Interview with Prakash Karat, general secretary, CPI(M).
Prakash Karat: “What is required is to find out how an entire system could be manipulated.”
PRAKASH KARAT, general secretary of the CPI(M), spoke to Frontline on the latest controversy involving the Congress-led United Progressive Alliance (UPA) government. Excerpts:
The CPI(M) had raised the spectrum allocation issue way back in 2008, but at that time no one, including the BJP, took it seriously.
Ever since the privatisation of the telecom sector began, there has been a series of corruption scandals. We raised such issues during the time of the BJP-led government and during the first UPA government's tenure. We took up the allegation of the 2G spectrum as early as February 2008. A number of letters were written to the Prime Minister and statements issued by the party regarding the big loss to the exchequer due to the actions of Minister A. Raja. But until the recent outcry after the Comptroller and Auditor General's report, nothing much was done.
Why does a JPC have more sanctity than the Public Accounts Committee (PAC)? Sections within the Congress opine that the CAG report has not incriminated anyone and that the individuals concerned have been removed from their posts.
After the CAG report confirmed that there was large-scale manipulation of the system, the Congress leadership had no other option but to ask Raja to resign. But that does not end the issue. What is required is to find out how such a massive scam could be perpetrated and how an entire system could be manipulated. That is why we have demanded a Joint Parliamentary Committee that can go into all the ramifications. I do not know why the Congress party and the government refuse to constitute a JPC. During the period of the NDA government, when the Congress was in the opposition, it demanded JPCs for the Tehelka tapes and for other corruption scandals. The 2G telecom scam is much bigger than these earlier scams. It has caused the single largest loss to the exchequer.
The removal of the people who are responsible from their positions is the first step, whether it is the CWG corruption or the Adarsh Housing scam. In all such cases, what is required is prompt investigation, filing of cases and prosecution of those guilty. In the case of the 2G spectrum issue, the most important step would be to cancel the licences of the companies that illegally got the allocation.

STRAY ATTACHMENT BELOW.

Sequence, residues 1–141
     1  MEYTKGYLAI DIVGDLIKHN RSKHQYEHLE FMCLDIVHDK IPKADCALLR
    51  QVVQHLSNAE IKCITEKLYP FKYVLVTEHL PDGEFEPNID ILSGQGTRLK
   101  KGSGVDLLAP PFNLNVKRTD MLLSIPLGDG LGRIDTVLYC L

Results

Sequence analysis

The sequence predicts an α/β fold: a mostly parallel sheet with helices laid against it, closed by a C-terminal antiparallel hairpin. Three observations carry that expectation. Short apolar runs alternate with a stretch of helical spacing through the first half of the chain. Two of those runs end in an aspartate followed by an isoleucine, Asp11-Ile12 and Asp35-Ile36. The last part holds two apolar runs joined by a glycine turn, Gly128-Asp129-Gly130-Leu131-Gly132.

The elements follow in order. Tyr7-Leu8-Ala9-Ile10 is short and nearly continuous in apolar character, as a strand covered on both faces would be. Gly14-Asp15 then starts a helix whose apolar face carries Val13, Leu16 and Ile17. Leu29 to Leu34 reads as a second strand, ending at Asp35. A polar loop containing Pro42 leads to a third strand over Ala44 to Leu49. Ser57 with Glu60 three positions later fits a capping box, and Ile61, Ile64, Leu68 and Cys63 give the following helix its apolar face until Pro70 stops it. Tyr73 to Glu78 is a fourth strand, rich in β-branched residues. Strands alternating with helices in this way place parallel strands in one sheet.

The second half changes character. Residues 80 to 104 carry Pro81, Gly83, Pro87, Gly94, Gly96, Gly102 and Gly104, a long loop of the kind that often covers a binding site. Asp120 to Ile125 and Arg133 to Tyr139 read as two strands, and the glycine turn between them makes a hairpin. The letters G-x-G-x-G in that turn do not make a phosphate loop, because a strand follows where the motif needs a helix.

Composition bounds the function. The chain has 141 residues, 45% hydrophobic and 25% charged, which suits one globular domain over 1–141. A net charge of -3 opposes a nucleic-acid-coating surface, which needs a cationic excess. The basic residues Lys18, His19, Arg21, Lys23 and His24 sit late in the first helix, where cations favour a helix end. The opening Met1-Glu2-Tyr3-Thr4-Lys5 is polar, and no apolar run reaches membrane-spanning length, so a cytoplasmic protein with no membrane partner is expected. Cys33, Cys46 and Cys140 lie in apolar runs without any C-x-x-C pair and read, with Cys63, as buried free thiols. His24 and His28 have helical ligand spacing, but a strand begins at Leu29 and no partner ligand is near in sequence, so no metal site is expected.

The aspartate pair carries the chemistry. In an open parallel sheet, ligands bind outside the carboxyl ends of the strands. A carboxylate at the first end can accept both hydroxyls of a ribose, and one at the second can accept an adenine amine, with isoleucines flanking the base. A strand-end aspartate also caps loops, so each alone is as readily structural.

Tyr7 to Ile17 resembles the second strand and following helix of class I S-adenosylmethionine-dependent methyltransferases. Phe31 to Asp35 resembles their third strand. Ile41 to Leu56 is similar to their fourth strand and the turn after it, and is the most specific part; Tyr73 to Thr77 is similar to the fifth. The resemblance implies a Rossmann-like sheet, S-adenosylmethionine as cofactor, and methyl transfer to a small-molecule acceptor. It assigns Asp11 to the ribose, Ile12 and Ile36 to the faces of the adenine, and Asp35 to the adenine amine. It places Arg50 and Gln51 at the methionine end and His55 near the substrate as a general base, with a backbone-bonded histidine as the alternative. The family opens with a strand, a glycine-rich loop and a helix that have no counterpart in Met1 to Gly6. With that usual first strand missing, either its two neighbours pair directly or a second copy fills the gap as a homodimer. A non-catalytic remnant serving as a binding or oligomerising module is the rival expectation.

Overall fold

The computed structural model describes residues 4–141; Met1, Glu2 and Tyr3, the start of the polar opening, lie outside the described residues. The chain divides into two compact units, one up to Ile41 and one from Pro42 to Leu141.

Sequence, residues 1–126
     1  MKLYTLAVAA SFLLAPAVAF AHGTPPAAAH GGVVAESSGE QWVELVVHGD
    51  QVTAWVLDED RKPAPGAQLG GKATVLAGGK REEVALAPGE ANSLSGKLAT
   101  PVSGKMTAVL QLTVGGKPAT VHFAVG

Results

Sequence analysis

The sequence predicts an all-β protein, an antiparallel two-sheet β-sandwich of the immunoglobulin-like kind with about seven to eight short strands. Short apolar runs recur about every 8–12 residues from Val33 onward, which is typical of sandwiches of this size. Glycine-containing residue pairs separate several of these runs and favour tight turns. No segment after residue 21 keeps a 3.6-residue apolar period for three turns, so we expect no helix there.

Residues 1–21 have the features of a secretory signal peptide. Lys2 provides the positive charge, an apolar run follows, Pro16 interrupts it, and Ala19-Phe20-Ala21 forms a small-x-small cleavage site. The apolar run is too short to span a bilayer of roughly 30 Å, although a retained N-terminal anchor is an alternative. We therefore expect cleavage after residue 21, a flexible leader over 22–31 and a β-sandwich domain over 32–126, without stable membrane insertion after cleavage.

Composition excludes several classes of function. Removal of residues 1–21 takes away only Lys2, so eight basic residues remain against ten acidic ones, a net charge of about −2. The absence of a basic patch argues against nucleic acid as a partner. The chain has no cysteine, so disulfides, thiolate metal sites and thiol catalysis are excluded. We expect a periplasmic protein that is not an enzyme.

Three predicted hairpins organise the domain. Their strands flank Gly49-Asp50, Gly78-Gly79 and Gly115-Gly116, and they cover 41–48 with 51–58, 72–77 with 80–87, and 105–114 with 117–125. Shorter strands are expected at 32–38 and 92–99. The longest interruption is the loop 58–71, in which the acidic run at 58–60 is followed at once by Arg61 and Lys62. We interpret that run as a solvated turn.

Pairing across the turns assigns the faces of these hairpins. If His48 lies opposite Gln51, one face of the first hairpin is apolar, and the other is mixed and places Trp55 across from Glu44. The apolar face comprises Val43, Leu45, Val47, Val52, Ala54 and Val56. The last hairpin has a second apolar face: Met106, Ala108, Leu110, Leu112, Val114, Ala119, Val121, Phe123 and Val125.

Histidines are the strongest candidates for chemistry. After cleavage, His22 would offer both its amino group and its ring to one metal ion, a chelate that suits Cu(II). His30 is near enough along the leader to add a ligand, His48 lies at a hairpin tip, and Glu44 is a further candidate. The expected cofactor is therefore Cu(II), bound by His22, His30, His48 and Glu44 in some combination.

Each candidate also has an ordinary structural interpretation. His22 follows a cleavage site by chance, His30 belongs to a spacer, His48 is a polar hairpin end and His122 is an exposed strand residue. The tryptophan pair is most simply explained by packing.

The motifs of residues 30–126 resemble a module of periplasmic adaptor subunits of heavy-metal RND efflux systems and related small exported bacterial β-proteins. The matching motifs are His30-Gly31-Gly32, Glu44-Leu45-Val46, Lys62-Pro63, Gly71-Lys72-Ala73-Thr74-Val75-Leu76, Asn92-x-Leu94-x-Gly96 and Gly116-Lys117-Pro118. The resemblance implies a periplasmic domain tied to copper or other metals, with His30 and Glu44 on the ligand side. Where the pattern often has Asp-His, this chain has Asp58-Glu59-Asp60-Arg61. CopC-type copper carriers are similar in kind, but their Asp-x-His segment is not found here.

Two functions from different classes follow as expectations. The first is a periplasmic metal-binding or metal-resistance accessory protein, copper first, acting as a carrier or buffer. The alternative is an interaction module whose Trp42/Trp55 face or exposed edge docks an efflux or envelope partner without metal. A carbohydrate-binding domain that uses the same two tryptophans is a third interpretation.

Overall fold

Secondly, there should be an auction of the spectrum so that the government can recoup the losses. The committee set up to inquire into the CWG is useless as it is without any powers. What is needed is investigation, filing of cases and prosecution. The CBI and other investigating agencies like the Enforcement Directorate should conduct joint investigations.
The BJP, too, has in a sense lost the moral authority to attack the UPA on corruption. Is it possible to have a fair inquiry into the allegations against the Karnataka Chief Minister if he continues in office?
The Yeddyurappa government in Karnataka has set a new brazen record in corruption. First of all, the government was conceived with the mining mafia being part of it. This has made the government a centre for all illegal and corrupt activities. The Chief Minister himself is facing serious charges of bestowing favours to his sons and relatives in land allocation. It is shocking that the BJP leadership has refused to act in the face of growing evidence of wrongdoing. Their decision to keep the Chief Minister on has exposed the hypocrisy and double standards of the BJP.
Are all these corruption scandals an outcome of a kind of policy that has been pursued since the 1990s and that the face of corruption has changed somewhat in this period?
After liberalisation, what has developed is a nexus between big business, politicians and the bureaucrats. Under the neoliberal regime, corporates and multinational companies are able to suborn policymaking. If one side of the 2G spectrum is Raja, on the other side are corporates who try to get famous. In the recent case of officials of banks taking bribes for giving loans to the real estate sector, corporates are involved in the bribing. But the government refuses to acknowledge the nexus that has developed. Even some of the regulators are in connivance.
This is not just because politicians need money to fight elections. The loot of public funds is a form of accumulation of capital in the country. Without fighting against this system and policies, corruption cannot be curbed or eliminated.